June 25, 2015
“People are always saying to get out of your comfort zone,” said Neal Rogin, my friend and stand-up comedian. “That sounds horrible. I love my comfort zone. In fact, there are many parts of my comfort zone I haven’t even explored yet!”
It’s funny and yet I realized: My comfort zone is actually not that comfortable.
I change careers every three years. I’ve gone into massive debt and risen out of it. I’ve joined cult like organizations, and immersed myself in improv and stand-up comedy. I’ve actively induced panic attacks just to learn what’s underneath them. I’ve been skydiving, scuba diving, and explored every cleanse, diet and self development program you can mention. I’ve been to Burning Man three times over a decade (and these are just the things I’m public about!).
None of it has been comfortable, and yet it’s my comfort zone because it’s what I know. It’s what I’ve always done.
I wonder if what’s out of my comfort zone is actually most people’s modus operandi – A long-term relationship, having kids, creating a real home. I’ve wanted these things for a long time and yet my behavior and results clearly tell another story. Could it be that I’m deeply afraid of what most of the world seems to have mastered?
“Everything you want is on the other side of fear.” – Jack Canfield.
Is this true? Do I simply need to look at what I’m afraid of and my desire is right there beyond it?
In order to answer the question, I want to know… What is fear?
Fear has been an intimate friend of mine for as long as I can remember. A friend died when I was three years old so I was afraid of my own death. I was afraid of my parents leaving. I was afraid of break-ins at the house after it was burglarized while I was in it. I was afraid of the roller coasters my friends loved. I was afraid of ghosts and aliens, and I was even more afraid of talking to girls.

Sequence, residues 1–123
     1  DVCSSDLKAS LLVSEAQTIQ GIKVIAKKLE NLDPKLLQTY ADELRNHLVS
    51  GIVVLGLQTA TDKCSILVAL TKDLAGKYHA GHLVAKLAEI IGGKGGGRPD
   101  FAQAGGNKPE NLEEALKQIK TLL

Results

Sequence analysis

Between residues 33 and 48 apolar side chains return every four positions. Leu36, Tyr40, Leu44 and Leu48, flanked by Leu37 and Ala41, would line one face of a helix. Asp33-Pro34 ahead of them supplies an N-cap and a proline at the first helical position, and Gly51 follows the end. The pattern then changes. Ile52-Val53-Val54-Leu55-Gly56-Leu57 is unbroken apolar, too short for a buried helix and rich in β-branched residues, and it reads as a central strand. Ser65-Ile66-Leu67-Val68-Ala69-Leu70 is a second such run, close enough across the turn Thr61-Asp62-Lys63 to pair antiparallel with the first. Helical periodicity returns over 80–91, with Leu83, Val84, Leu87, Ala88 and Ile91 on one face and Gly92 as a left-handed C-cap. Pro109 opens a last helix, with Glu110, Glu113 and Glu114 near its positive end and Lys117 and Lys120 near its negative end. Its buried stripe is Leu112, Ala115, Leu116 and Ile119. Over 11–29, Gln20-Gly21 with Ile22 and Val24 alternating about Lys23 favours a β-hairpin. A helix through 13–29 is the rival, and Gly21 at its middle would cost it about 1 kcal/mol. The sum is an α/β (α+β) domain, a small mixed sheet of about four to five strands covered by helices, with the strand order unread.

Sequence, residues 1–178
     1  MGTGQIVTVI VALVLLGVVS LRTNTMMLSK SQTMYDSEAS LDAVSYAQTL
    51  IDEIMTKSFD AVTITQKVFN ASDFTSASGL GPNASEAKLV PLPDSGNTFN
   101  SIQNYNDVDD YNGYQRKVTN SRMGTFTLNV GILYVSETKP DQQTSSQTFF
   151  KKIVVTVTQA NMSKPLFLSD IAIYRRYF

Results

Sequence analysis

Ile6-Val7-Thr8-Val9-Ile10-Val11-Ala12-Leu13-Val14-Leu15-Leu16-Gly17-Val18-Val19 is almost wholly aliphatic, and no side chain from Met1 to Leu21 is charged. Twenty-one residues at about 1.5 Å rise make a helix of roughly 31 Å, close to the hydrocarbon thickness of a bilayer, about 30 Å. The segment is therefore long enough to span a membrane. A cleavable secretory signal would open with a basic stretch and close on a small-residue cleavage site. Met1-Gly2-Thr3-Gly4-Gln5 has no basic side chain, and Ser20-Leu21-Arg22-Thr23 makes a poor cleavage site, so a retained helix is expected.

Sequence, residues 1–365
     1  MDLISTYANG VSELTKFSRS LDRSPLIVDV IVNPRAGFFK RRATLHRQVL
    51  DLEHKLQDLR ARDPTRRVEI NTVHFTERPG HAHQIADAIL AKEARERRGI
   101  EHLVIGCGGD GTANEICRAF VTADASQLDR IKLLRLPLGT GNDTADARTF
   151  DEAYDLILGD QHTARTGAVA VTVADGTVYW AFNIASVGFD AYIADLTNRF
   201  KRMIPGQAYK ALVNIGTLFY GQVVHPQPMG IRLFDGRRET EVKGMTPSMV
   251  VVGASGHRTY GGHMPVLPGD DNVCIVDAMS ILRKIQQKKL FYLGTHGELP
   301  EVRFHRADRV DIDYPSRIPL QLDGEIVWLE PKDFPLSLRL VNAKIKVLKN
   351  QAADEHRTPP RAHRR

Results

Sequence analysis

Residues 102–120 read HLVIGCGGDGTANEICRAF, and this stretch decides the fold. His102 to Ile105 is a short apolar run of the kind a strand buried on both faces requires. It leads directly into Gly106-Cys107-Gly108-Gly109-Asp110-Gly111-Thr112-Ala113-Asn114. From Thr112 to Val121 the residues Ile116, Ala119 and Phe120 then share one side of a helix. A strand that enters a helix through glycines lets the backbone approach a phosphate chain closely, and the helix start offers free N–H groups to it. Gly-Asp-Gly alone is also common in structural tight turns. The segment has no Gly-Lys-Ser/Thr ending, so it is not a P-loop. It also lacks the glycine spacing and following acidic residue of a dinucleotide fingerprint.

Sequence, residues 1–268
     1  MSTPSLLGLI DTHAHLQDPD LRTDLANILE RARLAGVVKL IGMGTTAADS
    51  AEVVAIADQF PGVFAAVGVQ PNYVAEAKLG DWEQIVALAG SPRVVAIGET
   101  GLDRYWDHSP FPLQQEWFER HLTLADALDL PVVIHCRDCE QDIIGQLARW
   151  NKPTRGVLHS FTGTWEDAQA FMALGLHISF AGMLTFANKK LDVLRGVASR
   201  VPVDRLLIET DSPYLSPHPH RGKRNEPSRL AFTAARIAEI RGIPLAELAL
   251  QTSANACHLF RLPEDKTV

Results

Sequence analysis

I don’t know what fear is, but I found a great clue today from A Course in Miracles.
“Fear is always a sign of strain, arising when what you want conflicts with what you do. This situation arises in two ways: First, you can choose to do conflicting things, either simultaneously or successively. This produces conflicted behavior which is intolerable to you because the part of the mind that wants to do something else is outraged. Second, you can behave as you think you should, but without entirely wanting to do so. This produces consistent behavior, but entails great strain. In both cases, the mind and the behavior are out of accord, resulting in a situation in which you are doing what you do not wholly want to do. This arouses a sense of coercion that usually produces rage, and projection is likely to follow.”
While I don’t know what fear is, I’m finding this much more important because I’m learning the conditions for fear. And this is the main condition:
“Whenever there is fear, it is because you have not made up your mind.”
This makes so much sense to me. I was afraid of death because I had not made up my mind about what comes after it. I was afraid of roller coasters because I was on the fence about whether I would follow my desire or sit it out. Now that I’ve decided on these they have actually become sources of comfort and pleasure.
And I see it in others as well…
I remember when I went vegan and told two friends about it. One said, “Nope. No way I could ever do that.” She was not afraid of going vegan. She had decided. She was clear. There was no fear. The other friend went into a state of terror as he said, “I can’t not eat meat!” He was clearly on the fence which means some part of him wanted it.
Take my mother. She is not afraid of sky diving. Fear doesn’t even register in her brain because she’s simply not doing it. End of story. And yet, if you invite someone on the fence to go sky diving, they will immediately go into fear.
But, you may ask, what if the person decides and says yes, but then they still feel fear? Ahhh, then it’s actually not fear. When the mind is no longer on the fence, that means it is no longer judging. When we stop judging we start allowing. And so the body sensations of fear – shaking, intense energy, sweating, light-headedness – they all become merely that: Sensations.
Take someone like Richard Branson, who has started hundreds of businesses and death defying acts, all while having a calm, cool and charming personality. The title of his book says it all: Screw it, let’s do it. It’s pure commitment.
What’s helped me most is having a decision-making framework for commitment. I’ll share that in the next post.